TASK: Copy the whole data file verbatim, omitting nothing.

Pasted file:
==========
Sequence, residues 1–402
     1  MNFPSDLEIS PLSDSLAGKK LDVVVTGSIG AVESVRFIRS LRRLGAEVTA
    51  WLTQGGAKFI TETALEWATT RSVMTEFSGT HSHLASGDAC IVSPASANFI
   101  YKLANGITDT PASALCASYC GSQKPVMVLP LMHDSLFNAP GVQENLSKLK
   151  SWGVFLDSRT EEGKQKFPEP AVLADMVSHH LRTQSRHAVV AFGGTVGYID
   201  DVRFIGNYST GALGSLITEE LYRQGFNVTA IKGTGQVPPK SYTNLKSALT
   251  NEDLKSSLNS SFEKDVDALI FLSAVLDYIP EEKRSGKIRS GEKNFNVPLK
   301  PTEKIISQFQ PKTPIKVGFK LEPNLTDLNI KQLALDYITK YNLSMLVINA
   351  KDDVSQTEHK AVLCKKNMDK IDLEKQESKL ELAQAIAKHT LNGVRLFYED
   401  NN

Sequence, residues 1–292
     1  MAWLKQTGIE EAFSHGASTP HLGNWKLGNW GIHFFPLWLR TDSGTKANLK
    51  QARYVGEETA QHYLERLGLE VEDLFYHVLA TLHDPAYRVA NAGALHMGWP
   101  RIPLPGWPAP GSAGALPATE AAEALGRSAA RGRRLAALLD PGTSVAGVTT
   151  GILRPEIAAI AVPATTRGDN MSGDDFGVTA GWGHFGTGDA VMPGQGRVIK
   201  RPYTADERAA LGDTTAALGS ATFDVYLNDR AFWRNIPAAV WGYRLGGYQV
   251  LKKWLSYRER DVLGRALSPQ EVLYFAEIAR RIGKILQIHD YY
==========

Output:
Sequence, residues 1–402
     1  MNFPSDLEIS PLSDSLAGKK LDVVVTGSIG AVESVRFIRS LRRLGAEVTA
    51  WLTQGGAKFI TETALEWATT RSVMTEFSGT HSHLASGDAC IVSPASANFI
   101  YKLANGITDT PASALCASYC GSQKPVMVLP LMHDSLFNAP GVQENLSKLK
   151  SWGVFLDSRT EEGKQKFPEP AVLADMVSHH LRTQSRHAVV AFGGTVGYID
   201  DVRFIGNYST GALGSLITEE LYRQGFNVTA IKGTGQVPPK SYTNLKSALT
   251  NEDLKSSLNS SFEKDVDALI FLSAVLDYIP EEKRSGKIRS GEKNFNVPLK
   301  PTEKIISQFQ PKTPIKVGFK LEPNLTDLNI KQLALDYITK YNLSMLVINA
   351  KDDVSQTEHK AVLCKKNMDK IDLEKQESKL ELAQAIAKHT LNGVRLFYED
   401  NN

Sequence, residues 1–292
     1  MAWLKQTGIE EAFSHGASTP HLGNWKLGNW GIHFFPLWLR TDSGTKANLK
    51  QARYVGEETA QHYLERLGLE VEDLFYHVLA TLHDPAYRVA NAGALHMGWP
   101  RIPLPGWPAP GSAGALPATE AAEALGRSAA RGRRLAALLD PGTSVAGVTT
   151  GILRPEIAAI AVPATTRGDN MSGDDFGVTA GWGHFGTGDA VMPGQGRVIK
   201  RPYTADERAA LGDTTAALGS ATFDVYLNDR AFWRNIPAAV WGYRLGGYQV
   251  LKKWLSYRER DVLGRALSPQ EVLYFAEIAR RIGKILQIHD YY